The numeral 1 indicates a pair of rims to hold lenses (not shown) located in symmetry. In this embodiment, the rim(1) is produced by the bonding nickel-chromium alloy composed of 80 Wt % nickel, 13 Wt % of chromium and 7 Wt % of other components, with nickel-copper alloy(=monel metal) composed of more than 63 Wt % of nickel and more than 21 Wt % of copper.
The numeral 2 shows a brace bar in the long rod style bridged over the rim(1), while the numeral 3 indicates a bridge in arch style bridged lower than the brace bar(2). These parts, the rim(1), brace bar(2) and bridge(3), constitute a front frame(F) for a metal eyeglasses frame. Both the brace bar(2) and the bridge(3) are produced by nickel-titanium super-eleastic alloy composed of 50˜51% nickel, 50˜49% titanium and 0.5% or below of other components.
The numeral 4 shows a pad arm supporting a nose pad(P), and it is bonded in symmetry at the foot of the bridge(3). The pad arm(4) is made of nickel-titanium shape memory alloy composed of 40˜60% nickel, 60˜40% titanium, 3% or less of copper and 0.4% or less of other components. This shape memory alloy is pre-arranged at both martensite and austenite temperatures. Crystal structure transformed in the martensite condition shall return to original form in an austenite condition when dipped into water at 70 degree C.
The numeral 5 is a pair of endpieces in flat spring bent in L-shape to be connected with both ends of the front frame(F). The material of this endpiece is the same nickel-titanium super-elastic alloy as the brace bar(2) and the bridge(3).
The numeral 6 is a pair of ear-racks to be connected with the endpiece(5) via a hinge(h); this material is also nickel-titanium super-elastic alloy, the same as the brace bar(2) and the bridge(3).
In this embodiment example 3, the brace bar(2) and the bridge(3) are bonded onto the rim(1), and the pad arm(4) is also bonded onto the rim(1) in the proximity areas of the brace bar foot, while the end piece(5) is bonded onto the end of the front frame(F), whereas these bonded portions form forging structures according to the metallurgical theory. As a connecting means to bond a nickel-titanium alloy with a nickel base alloy, the bonding portion of each alloy is heated to melting point in an inert gas like argon, while both alloys are pushed together by high pressure. Through this instant heating treatment, the bonding portion and proximity form a very strong forging structure.
The bonding treatment of actual eyeglasses frame parts is now explained in details:
First, all bonding ends of such eyeglasses parts as the brace bar(2), the bridge(3) and the pad arm(4) composed of a nickel-titanium alloy are partly annealed by high frequency heating. Secondly, impurities such as oxides, oils, fats etc. are correctly cleared for clean treatment. Similarly, the rim(1) composed of nickel base alloy is properly cleaned.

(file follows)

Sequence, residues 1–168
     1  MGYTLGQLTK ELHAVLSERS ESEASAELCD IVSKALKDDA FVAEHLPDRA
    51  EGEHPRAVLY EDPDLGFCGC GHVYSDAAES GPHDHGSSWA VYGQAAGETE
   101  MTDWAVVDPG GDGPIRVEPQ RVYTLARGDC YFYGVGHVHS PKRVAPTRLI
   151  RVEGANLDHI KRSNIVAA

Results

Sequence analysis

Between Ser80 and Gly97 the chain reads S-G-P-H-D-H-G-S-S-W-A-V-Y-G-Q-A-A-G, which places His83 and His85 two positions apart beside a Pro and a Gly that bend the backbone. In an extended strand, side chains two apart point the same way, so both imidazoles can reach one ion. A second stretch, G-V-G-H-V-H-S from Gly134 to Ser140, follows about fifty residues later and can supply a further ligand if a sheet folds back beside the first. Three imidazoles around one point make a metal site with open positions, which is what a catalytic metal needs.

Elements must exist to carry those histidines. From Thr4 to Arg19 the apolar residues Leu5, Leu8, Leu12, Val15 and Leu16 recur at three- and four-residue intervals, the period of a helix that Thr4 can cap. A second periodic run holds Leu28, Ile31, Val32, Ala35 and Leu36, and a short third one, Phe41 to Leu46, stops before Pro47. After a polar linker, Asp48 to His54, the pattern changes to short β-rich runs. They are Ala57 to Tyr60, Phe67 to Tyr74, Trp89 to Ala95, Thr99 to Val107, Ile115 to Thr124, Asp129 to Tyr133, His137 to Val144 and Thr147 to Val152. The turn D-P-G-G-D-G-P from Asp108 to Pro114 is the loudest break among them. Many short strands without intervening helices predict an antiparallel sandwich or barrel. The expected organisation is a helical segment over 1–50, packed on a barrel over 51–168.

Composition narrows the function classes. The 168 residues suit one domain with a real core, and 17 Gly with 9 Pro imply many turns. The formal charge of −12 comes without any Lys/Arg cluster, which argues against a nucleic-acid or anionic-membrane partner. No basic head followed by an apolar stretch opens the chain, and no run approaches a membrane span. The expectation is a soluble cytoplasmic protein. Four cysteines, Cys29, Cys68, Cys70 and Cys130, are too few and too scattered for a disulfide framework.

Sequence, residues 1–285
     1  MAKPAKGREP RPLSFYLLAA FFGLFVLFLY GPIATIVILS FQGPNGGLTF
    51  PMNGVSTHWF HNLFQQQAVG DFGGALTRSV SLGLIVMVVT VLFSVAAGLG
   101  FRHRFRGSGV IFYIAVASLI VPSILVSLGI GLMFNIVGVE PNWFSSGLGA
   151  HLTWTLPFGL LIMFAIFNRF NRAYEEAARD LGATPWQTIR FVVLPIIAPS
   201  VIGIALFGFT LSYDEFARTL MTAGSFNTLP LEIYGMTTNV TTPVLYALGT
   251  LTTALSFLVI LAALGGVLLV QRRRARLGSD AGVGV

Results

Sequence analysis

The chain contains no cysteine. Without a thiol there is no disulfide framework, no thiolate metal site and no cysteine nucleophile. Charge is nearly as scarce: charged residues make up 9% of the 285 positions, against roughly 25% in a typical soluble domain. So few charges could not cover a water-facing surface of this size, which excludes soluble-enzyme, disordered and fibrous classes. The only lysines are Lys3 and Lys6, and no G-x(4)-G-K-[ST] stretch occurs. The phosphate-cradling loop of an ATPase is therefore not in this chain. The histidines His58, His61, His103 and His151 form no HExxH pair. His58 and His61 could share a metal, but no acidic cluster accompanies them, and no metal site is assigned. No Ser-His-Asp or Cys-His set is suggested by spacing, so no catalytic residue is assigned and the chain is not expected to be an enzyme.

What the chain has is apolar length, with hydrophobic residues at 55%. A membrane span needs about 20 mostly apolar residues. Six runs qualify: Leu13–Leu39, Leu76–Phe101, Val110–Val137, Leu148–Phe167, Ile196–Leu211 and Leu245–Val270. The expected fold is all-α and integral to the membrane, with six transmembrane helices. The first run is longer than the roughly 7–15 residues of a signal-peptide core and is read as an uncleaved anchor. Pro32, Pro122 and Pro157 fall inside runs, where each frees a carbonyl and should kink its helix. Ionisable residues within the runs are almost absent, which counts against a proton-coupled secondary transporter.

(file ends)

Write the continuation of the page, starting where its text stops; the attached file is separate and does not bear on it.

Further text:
Then, the end sections of each eyeglasses parts (2,3, and 4) are fixed by air cylinder vice so that they are correctly contacting on the rim(1). On all contacting portions including proximity areas, chromium copper bands are wound around as a radiator-like device. Then 3 cycles of 1,000˜2,000Å electric current are run for 0.05 seconds through the materials in the inert gas (argon gas) atomosphere. At this point all bonding portions become incandescent instantly and melt at 1,300˜1,450 degree C., whereupon 20Kg/mm2 pressure is effected on them by the air cylinder vice, completely bonding both alloys. After cooling the same for three minutes at normal temperature, they were broken at the bonding points for careful observation. As a result, it was confirmed that the inner organization of the bonding portion constituted an uniform forging structure with a thickness of 0.5-1 mm around its forging areas as an incorporated integral body.
Specimen 1 obtained by the embodiment example 1 and Specimen 2 obtained by the embodiment example 2 are tested as follows.
Both specimens 1 and 2 recieved the bending test, which was performed by bending the specimens at 180 degree C. toward front and back at a rate of 30 times per minute, for eight minutes (240 rotations). Both specimens retained their original form without any visible deformation; no deterioration of elastic force was recognized.
Specimens 1 and 2 were tested by a tensile tester model No. AGS-A manufactured by Kabushiki Kaisha Shimadzu Seisakusho; the results are as follows. The test was performed by tightly pinching both ends of the specimens with a clamp. The ends were then pulled focibly in an attempt to separate them.
When the tensile load reached at 82.7 Kg/f, the object was broken at the spot of the super-elastic metal wire. This is more force than would be encountered under normal use.
When the tensile load reached at 55.1 Kg/f, the object was broken at the spot of nickel-copper alloy (=monel metal) wire. The obtained strength is also satisfactory for practical use.